What is a website plugin?
A plugin is a piece of code or software that adds functionality or features to a website. It is essentially an add-on that can be used to further customize the site.
Why would you want a plugin?
If vetted properly, plugins can be extremely useful, similar to apps you’d download on your phone. You may want your website to have certain features or functionality that doesn’t exist without the use of a plugin. Common examples include SEO elements, image compressing, filtering, etc.
What are some of the best practices associated with plugins?
- Try to find a plugin that does exactly what you need it to do vs. trying to modify one to work for you.
- Use as few plugins as possible. Aim for less than 10 on your website. Plugins are very much about priorities. When you look at your list of desired functionality, try to order it by importance and know that you may need to make concessions based on plugin availability, number of plugins already installed, etc.
- Update, update, update! You’ll typically get an alert within your CMS telling you that a plugin update is available and it’s absolutely crucial that you do so as soon as possible. Every outdated plugin is like an open door to your website for hackers and spammers. Just like you’d update the security on your phone if you get an alert, a plugin should be no different.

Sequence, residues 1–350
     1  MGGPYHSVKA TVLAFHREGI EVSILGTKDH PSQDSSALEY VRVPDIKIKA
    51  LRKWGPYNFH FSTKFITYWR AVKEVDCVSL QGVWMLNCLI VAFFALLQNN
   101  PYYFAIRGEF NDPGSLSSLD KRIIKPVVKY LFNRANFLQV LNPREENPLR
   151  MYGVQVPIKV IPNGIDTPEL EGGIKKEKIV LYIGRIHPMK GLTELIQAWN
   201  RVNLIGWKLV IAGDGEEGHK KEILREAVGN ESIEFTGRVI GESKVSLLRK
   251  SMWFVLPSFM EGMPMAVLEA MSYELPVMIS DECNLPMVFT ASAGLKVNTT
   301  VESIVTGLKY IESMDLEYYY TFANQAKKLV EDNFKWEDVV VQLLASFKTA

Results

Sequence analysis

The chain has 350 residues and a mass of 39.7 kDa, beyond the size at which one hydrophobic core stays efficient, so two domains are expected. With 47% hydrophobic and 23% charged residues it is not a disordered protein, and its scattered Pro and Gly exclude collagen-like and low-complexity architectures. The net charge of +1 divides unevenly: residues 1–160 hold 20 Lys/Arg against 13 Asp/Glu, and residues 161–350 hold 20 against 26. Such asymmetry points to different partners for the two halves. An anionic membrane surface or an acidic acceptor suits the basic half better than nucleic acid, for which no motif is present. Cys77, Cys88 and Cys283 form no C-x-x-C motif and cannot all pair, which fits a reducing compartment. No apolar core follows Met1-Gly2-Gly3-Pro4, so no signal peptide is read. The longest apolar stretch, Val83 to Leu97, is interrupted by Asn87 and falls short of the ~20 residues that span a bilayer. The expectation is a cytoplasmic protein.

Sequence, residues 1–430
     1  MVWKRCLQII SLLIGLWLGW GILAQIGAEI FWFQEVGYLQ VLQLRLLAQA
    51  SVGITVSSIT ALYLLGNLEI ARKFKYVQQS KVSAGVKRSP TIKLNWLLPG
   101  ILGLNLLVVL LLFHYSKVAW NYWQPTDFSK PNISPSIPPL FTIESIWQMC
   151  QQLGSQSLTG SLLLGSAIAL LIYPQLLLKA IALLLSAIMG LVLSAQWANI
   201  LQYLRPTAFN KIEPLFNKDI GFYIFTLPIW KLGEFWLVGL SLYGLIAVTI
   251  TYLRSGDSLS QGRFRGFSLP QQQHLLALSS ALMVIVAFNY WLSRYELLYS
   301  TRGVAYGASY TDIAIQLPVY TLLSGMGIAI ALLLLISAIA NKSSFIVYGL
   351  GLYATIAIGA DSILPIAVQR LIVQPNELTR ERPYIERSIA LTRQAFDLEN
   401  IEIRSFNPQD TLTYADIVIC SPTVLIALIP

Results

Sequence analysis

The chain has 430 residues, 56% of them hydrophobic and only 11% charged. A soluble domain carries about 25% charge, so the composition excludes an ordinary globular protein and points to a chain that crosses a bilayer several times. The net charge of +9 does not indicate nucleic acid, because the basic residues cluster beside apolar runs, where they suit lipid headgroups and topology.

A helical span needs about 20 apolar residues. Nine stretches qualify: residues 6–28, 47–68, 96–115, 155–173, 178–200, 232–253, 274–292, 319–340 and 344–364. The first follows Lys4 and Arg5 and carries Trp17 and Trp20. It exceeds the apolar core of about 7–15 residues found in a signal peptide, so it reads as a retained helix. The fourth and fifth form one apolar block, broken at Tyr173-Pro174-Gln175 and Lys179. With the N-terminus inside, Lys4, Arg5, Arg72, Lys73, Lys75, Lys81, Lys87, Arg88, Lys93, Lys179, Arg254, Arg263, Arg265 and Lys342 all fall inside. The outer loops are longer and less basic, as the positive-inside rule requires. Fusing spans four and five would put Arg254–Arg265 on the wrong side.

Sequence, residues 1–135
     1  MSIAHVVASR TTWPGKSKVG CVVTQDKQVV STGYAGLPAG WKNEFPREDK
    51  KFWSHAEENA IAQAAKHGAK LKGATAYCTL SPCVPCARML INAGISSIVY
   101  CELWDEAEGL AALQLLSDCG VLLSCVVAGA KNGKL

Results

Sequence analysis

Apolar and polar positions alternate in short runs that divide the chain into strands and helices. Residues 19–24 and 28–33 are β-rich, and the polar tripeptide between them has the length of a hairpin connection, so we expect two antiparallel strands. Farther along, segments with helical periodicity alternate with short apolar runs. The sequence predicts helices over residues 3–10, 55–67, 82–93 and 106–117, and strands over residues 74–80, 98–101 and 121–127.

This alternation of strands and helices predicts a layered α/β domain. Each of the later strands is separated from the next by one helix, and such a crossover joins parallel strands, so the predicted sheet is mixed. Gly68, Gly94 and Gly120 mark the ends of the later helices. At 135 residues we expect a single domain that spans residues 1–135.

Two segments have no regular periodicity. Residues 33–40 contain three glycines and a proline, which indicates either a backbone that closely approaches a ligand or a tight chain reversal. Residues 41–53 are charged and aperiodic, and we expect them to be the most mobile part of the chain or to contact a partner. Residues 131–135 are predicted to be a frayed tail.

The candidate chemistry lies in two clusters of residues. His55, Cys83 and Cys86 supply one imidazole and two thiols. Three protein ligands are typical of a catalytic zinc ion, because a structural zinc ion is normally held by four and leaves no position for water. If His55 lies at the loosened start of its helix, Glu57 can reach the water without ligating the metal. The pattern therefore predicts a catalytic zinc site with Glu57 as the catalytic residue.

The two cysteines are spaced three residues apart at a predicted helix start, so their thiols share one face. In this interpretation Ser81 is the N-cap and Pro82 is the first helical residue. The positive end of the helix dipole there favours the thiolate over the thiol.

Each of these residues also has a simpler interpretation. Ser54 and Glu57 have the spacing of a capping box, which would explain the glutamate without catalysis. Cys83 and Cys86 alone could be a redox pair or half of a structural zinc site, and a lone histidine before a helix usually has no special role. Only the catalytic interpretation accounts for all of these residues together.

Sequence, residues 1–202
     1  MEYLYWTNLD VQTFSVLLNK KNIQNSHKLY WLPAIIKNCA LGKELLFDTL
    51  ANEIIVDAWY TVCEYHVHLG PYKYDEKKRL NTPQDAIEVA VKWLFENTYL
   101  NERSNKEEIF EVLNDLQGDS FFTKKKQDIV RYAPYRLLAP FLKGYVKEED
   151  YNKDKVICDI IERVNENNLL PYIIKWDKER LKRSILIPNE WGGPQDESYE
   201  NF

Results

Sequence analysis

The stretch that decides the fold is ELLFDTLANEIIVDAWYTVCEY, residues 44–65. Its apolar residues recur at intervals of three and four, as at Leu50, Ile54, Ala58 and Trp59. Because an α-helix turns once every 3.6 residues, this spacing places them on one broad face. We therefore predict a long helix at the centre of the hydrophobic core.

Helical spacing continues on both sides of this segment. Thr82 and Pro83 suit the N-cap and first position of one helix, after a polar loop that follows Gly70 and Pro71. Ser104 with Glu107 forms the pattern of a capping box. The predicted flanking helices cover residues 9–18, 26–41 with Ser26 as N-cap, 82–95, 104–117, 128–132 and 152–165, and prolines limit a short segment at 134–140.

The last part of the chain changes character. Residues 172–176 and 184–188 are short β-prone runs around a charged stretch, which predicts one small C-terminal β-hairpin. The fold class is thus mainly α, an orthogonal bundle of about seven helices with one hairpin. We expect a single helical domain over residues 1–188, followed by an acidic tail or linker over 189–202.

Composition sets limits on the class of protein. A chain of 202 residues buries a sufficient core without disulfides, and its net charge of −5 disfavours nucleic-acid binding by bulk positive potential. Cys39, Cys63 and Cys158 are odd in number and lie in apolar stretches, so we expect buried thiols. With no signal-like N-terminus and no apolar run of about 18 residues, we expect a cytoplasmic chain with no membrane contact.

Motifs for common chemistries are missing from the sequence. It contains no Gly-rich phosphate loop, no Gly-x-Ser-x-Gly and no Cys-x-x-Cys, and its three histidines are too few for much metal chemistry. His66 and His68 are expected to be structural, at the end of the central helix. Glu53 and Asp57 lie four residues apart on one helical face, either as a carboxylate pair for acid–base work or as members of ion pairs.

- If you are no longer using a plugin, get rid of it!
Is it ever okay to modify a plugin?
The answer here is sometimes. There are cases where it’s okay to do and some where it isn’t. If you do decide to modify, know that there’s a possibility that the plugin will break each time updates are released (typically monthly or quarterly). Additionally, plugins are often tied to other things and communicating with each other (for example, a form plugin may be directly tied to conversion reporting), and when you update a modified plugin, other things may break or vice versa. This is why it’s important to make sure someone is responsible for managing your website on a regular basis to install updates and fix any breaks those updates may cause.
If you cannot find a plugin to accomplish exactly what you’re looking to do, another option is to custom build the functionality without the use of a plugin. The issue here is that it can often be cost prohibitive. You could easily end up overspending the value of your website if you custom built every functionality. Again, think about your priorities!
What should I look for when evaluating plugins?
Look for plugins written by reputable developers so you can ensure they will be continuously supported and updated, and are safe to have on your website.
Are there any cons to plugins?
Yes, there are some downsides, especially if they aren’t being used or maintained correctly. Having plugins can increase your website maintenance time and slow your website down. If they aren’t updated regularly, they can leave your website vulnerable to security breaches. Always work with a professional website developer when evaluating, installing, and managing plugins.